When I voted for Britain to remain in the 2016 EU referendum, I did so with some complacency. It was an easy choice that needed little thought; I was happy with the current situation, and so voted for the status quo. I didn’t need more information to make that decision, I knew what I had was good and voted to keep it.

While I’m confident that the choice I made was the right one, it’s weighed on me since that I should have had a greater understanding of the underlying politics of the situation. I should have made that decision based on more than just my personal experience and it amazes me that so many people could be so confident in their understanding of the historical context and potential political outcome to vote to make such a momentous change in Britains position in the world.

So, I decided to do something I hadn’t done since school: I started to read history books.

What’s the real problem with Europe?

It seems to me that a big part of the problem is pretty simple: most people, myself included, don’t know enough about European history. I mean, everyone knows the headlines: the World Wars, Hitler, the Nazis…did I mention Hitler?…but very few understand that modern Europe, the peaceful, interconnected, egalitarian Europe, isn’t the continent’s natural state. Europe without the political and economic structures put in place following World War 2 is …not a fun place to live.

For most British people European history stopped somewhere around 1950. The Europe most people have experience of is a continent in stasis, and it’s this that breeds complacency. We British are so used to getting on with our daily lives that it’s impossible to connect modern Europe to the tumultuous nation-states of the recent past. Sure, every year we pop on a poppy, commemorate the fallen of long ago wars, and pay our respects, but do we fully understand the experiences of these people and how the tradgedy of their deaths came about?

It seems unfathomable to someone living in 2018 that Germany could be at war with France, or that Poland could be considered “virgin territory” ripe for invasion, or that European nations would step back as Czechoslovakia is subsumed under another country, or that innocent people could be killed in their hundreds of thousands, but these events happened within a human lifetime, and will happen again if we don’t properly maintain the structures which have prevented them for the last 60 years.

Leave those kids alone

The British education system doesn’t help with this. Admittedly, it’s a few years ago now, but all I remember learning in history class were dates, places and names in languages that I didn’t understand. I didn’t truly understand the significance of these events and so I didn’t absorb anything. It’s only recently that I could locate Ukraine on a map, or identify most of the Baltic states. Without Eurovision, I wouldn’t have even heard of Andorra.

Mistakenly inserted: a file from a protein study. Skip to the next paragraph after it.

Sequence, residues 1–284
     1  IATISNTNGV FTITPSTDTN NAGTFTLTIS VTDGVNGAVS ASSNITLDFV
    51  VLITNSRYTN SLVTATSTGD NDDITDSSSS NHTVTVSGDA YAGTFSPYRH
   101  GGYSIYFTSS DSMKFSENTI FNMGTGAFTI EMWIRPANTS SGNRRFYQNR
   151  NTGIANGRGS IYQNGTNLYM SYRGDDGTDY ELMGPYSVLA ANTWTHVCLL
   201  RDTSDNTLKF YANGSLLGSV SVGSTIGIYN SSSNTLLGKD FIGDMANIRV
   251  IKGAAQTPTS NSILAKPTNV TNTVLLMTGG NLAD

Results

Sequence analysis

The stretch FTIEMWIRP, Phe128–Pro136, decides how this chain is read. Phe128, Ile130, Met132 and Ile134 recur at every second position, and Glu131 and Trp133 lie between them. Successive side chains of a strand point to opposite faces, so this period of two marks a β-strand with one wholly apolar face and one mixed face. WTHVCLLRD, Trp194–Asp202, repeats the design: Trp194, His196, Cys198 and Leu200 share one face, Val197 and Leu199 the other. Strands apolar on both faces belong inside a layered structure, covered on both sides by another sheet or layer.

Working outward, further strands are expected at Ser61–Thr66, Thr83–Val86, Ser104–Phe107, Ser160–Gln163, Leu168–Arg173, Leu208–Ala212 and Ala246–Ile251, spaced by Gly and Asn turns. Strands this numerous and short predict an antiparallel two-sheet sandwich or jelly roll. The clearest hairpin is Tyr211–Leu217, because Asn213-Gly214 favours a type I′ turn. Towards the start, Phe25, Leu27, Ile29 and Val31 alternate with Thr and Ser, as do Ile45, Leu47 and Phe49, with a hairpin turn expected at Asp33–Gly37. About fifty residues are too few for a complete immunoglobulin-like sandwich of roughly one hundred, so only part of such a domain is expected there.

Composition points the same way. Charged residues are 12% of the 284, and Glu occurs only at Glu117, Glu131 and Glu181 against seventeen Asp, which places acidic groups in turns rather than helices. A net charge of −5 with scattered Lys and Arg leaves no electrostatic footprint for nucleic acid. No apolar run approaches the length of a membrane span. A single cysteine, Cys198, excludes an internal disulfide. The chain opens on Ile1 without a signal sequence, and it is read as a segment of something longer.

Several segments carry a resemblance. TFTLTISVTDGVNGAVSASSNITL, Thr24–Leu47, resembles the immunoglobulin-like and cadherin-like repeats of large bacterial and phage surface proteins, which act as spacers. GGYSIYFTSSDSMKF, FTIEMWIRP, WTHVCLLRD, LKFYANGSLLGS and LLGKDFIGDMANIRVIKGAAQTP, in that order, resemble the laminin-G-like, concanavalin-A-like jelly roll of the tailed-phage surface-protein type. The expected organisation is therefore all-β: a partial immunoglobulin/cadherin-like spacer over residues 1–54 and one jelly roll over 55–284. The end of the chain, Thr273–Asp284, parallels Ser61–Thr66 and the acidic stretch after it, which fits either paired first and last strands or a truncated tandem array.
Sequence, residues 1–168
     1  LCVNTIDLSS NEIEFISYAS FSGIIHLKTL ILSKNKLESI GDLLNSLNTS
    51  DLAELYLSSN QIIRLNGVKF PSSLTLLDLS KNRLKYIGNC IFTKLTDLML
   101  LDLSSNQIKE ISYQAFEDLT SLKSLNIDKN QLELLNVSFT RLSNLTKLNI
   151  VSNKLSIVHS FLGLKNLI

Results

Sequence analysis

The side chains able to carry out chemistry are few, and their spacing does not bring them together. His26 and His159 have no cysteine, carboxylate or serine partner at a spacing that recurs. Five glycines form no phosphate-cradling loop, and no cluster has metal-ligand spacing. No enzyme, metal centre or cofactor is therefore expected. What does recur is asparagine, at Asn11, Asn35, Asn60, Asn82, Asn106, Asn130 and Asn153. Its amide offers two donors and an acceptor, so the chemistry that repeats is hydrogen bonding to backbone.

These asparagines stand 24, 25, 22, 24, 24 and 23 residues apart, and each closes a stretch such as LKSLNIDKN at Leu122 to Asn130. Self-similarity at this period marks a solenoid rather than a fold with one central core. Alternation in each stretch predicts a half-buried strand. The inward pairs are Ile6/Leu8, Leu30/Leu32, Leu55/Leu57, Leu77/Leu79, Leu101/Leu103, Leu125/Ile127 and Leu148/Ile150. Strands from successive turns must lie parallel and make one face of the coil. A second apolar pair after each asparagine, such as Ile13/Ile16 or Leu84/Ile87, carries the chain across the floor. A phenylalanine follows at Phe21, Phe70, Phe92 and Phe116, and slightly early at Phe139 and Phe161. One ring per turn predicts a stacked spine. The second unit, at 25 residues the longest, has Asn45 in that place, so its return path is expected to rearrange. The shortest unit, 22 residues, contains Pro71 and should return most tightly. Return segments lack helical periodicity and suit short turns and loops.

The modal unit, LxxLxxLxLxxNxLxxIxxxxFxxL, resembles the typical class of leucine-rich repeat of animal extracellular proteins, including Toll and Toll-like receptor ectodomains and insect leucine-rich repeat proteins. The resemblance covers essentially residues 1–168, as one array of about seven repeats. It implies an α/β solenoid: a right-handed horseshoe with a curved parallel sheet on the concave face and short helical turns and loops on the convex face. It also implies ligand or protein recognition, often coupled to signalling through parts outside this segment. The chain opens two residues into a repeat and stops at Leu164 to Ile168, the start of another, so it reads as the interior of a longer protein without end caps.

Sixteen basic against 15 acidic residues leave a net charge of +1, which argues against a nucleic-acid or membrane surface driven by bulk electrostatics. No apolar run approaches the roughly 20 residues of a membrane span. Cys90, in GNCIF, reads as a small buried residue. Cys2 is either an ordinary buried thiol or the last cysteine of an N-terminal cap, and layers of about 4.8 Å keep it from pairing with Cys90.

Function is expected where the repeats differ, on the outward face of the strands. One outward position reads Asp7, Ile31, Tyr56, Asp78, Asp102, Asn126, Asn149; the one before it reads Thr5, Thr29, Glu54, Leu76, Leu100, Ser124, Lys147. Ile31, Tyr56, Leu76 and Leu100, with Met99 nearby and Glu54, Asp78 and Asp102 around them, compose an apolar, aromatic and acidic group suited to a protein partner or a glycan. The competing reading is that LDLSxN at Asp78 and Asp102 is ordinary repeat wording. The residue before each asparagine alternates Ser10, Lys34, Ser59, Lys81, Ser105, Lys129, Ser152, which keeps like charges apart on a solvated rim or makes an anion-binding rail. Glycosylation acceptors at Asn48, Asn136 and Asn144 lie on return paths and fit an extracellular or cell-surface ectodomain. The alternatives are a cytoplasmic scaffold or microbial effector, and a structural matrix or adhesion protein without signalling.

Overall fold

Take the Ukraine/Russia situation that pops up occasionally in the news as an example. It’s impossible to fully understand the significance of this unless you follow the threads back to Hitler’s invasion of Poland and subsequent attack on the USSR. The Russian annexation of Crimea should ring alarm bells across Europe.

In modern history, we see countries like Austria and Czechoslovakia and Poland as permementant fixtures of Europe; nations which have always and will always exist. But this wasn’t always so. In, fact Poland, in the broadest sense of history, is a comparative newcoming.

The boats gently bobbing on the surface of modern Europe do so above strong currents flowing deep below. The European Union is the foundation on which modern Europe and peace across most of the world is built.

The men who would destroy Europe

But what is strangest to me is to see men and women with a privileged background education promoting withdrawl from the EU. People like Boris Johnson, Nigel Farage, Michael Gove and Jacob Reese-Mogg. All men who should, given their backgrounds, understand the complexities and history of international politics, but fail at every stage to take this into account.

These people without a doubt understand fully the implications of the policies they advocate (either that or they are fools) and yet they still go ahead despite the consequences. And this is the problem of so many men who speak with a stately voice and a perception of class but are prepared to abuse it.

Before there was a hint of a referendum to leave the EU the British didn’t care about it. The EU ranked as a non-issue in poll after poll for years until the right-wing of the Conservative Party made it an issue.

The British voted to leave the EU for three reasons:

  1. A small number of influential politicians and newspapers blustering about the EU.
  2. A lack of understanding of the political and historical context of the EU.
  3. Rampant inequality and a despirate need for change.

We need to teach the history of the European people and our place in it, not just bland names, dates and places. We need to understand that the stationary world of today hasn’t always existed and isn’t guaranteed to exist in future without a continually strengthened foundation.

Leaving the European Union is an insanity that we will regret for decades, maybe even centuries to come. Forget the economic impact the and problems trading across borders. The real threat is a return to the divided nation-states of post-war Europe continually pushing against one another instead of working together.

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I read a lot and write occasionally.

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